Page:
People attend a memorial ceremony on April 9, 2017 at Sergels Torg plaza in Stockholm, Sweden, close to the point where a truck drove into a department store two days before
Stockholm (AFP) - The main suspect in the Stockholm truck attack is an Uzbek construction worker and father-of-four believed to have IS sympathies, who went underground to avoid deportation from Sweden, police and reports said on Sunday.
Media quoted his colleagues as saying he was not "particularly religious" and that he "partied and drank".
Swedish dailies Expressen and Aftonbladet meanwhile named the man as Rakhmat Akilov and published his picture on Sunday.
Swedish police have only identified the suspect as a 39-year-old Uzbek national. He is accused of barrelling a stolen beer truck down a busy pedestrian street on Friday afternoon, mowing down shoppers before smashing into the facade of the Ahlens department store.
Four people were killed -- two Swedes including an 11-year-old girl, a British man and a Belgian woman -- and 15 others were injured.
The suspect was arrested Friday evening in Marsta, a suburb around 40 kilometres (25 miles) north of Stockholm.
According to sources close to the investigation cited by various media, the suspect, bloodied from the crash and with shattered glass on his clothes, fled the scene and ran into the nearby T-centralen subway station, taking advantage of the panic to blend into the crowd.
At 2:55 pm (1255 GMT), video surveillance cameras caught him in the subway system.
He took an express train to Stockholm's Arlanda airport, leaving a bloody trail all the way from central Stockholm, reports said.
He then picked up a bus from the airport to Marsta. His odd behaviour at a petrol station convenience store raised sales clerks' attention, who alerted police.
Police arrested the man at the wheel of a white van, various media reported, and placed him under arrest on suspicion of a "terrorist crime (by committing) murder".
Expressen reported Sunday he had allegedly confessed to the crime, telling investigators he was "pleased with what he had done" and had "accomplished what he set out to do".
- Gone underground -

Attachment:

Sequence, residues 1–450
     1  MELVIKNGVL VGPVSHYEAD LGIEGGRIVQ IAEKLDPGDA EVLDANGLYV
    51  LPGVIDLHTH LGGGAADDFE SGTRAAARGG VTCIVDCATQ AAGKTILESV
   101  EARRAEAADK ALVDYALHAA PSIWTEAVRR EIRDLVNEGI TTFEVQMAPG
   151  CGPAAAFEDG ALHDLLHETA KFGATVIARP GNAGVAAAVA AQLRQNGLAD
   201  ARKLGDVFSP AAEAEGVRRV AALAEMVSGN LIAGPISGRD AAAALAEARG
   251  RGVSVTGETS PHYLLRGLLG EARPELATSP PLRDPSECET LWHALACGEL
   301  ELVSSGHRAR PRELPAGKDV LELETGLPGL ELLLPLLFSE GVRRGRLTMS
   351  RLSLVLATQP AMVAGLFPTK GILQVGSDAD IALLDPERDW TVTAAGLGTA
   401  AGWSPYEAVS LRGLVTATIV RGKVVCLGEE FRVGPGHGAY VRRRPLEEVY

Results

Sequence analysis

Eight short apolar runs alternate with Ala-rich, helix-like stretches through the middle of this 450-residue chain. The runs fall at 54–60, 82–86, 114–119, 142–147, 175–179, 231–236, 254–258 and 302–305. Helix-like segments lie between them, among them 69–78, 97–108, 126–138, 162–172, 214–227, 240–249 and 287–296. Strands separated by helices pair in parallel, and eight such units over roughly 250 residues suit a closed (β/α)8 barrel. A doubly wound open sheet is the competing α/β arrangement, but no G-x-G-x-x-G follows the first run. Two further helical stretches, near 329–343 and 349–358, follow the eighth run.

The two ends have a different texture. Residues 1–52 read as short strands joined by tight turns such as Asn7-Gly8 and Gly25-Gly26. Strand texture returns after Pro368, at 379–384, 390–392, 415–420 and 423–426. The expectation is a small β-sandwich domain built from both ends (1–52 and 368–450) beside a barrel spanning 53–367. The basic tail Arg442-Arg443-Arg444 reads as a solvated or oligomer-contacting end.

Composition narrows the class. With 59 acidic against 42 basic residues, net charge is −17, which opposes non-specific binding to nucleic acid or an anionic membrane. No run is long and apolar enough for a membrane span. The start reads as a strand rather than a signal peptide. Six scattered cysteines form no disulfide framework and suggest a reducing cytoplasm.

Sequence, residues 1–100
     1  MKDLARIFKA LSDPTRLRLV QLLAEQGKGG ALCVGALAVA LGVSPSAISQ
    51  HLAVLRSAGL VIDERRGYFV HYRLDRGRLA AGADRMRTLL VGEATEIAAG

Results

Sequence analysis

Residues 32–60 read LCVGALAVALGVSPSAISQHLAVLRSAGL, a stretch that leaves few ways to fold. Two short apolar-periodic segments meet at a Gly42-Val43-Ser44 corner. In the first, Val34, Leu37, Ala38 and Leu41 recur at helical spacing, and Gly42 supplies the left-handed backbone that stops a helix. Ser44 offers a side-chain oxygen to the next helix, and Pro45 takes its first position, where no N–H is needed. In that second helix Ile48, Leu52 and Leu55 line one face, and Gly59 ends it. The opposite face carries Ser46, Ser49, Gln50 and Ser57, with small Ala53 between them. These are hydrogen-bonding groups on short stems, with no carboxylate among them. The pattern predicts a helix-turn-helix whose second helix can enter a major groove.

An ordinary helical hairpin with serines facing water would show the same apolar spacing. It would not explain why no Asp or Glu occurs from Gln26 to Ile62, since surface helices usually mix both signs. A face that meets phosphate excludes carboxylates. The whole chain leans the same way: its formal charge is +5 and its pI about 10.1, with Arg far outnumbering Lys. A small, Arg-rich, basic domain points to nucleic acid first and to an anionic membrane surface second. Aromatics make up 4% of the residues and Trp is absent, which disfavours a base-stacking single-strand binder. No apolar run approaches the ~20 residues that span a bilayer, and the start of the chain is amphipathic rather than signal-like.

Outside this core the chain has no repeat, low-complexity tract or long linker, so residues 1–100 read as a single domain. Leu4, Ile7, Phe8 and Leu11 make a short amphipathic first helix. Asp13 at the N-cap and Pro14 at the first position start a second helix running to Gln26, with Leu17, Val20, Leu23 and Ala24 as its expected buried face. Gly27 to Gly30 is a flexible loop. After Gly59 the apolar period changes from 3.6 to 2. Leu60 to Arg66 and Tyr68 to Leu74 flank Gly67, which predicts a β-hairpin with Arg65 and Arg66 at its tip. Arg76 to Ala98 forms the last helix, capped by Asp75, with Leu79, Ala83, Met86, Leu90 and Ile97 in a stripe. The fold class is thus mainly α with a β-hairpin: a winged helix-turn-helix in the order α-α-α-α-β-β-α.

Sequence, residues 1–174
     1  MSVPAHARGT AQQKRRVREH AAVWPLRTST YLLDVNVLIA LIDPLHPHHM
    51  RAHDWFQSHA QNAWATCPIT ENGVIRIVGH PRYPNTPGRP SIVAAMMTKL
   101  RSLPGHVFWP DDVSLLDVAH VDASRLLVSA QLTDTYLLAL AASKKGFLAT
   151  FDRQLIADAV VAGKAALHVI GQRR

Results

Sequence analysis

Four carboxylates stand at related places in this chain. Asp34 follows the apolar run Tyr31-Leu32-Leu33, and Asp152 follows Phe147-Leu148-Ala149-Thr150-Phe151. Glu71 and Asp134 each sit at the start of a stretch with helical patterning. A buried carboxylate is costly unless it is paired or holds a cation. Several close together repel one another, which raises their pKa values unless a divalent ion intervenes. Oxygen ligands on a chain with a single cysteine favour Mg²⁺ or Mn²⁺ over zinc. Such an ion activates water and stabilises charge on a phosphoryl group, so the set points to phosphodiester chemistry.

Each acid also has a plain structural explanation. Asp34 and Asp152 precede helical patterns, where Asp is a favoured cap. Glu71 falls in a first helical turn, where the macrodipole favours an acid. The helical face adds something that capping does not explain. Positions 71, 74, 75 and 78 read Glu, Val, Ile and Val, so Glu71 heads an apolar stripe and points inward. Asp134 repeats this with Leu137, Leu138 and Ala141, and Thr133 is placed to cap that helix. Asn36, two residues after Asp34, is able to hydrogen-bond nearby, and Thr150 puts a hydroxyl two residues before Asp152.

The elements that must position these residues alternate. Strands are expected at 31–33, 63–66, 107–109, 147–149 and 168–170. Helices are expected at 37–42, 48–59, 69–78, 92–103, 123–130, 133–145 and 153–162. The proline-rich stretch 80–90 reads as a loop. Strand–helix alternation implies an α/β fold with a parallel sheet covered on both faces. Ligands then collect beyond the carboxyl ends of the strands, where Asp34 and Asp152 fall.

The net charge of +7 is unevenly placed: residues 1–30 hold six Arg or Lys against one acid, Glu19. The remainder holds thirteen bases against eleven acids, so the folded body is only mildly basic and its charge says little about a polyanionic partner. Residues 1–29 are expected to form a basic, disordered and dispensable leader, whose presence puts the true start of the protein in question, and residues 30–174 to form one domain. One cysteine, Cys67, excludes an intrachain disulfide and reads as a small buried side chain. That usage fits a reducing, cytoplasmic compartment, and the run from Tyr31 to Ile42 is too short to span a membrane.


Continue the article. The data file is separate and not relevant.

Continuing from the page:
Investigators have meanwhile remained relatively tight-lipped about the suspect.
According to police, he applied for a permanent residency permit in 2014 but was rejected in 2016.
"In December 2016, he was informed by the Migration Agency that he had four weeks to leave the country. In February 2017, the case was handed over to the police to carry out the order, since the person had gone underground," a senior police official, Jonas Hysing, said.
The suspect had been wanted by police since February 27 after not responding to a deportation order.
Police said Sunday he was known to have "shown sympathies for extremist organisations" such as the Islamic State (IS) group.
According to Aftonbladet, Akilov had posted IS propaganda films on his Facebook account and "liked" an image of people covered in blood taken seconds after the Boston marathon bombings on April 15, 2013.
Expressen said several of his Facebook contacts were linked to the Islamist group Hizb ut-Tahrir.
On Sunday police said they had found components in a bag in the truck that could be used to make a "dangerous device".
- 'Partied and drank' -
According to press reports, police at the weekend raided an apartment Akilov had been renting for a couple of months in Varberg, a working-class suburb of Stockholm.
A father-of-four, he lived alone in Sweden, while his family remained in Uzbekistan, and worked in construction.
"He came (to Sweden) to work so he could send money to his family," a female acquaintance, whose name was not disclosed, told Aftonbladet.
Another woman who lived at an address where Akilov was also registered told Aftonbladet that he didn't come across as radicalised.
"He never talked about politics or religion," she said. "He didn't pray five times a day from what I know."
Pierre Svensson, who said he employed the suspect through a contractor for several weeks on an asbestos removal project in Stockholm late last year, described him as a "reserved person".
"He didn't stick out. He did his job. You can't say he was very sociable, we just told him what to do and he did it. He didn't speak much Swedish," he told AFP.
After losing his job at the beginning of the year, he had spent his days "smoking and sleeping", according to a former colleague.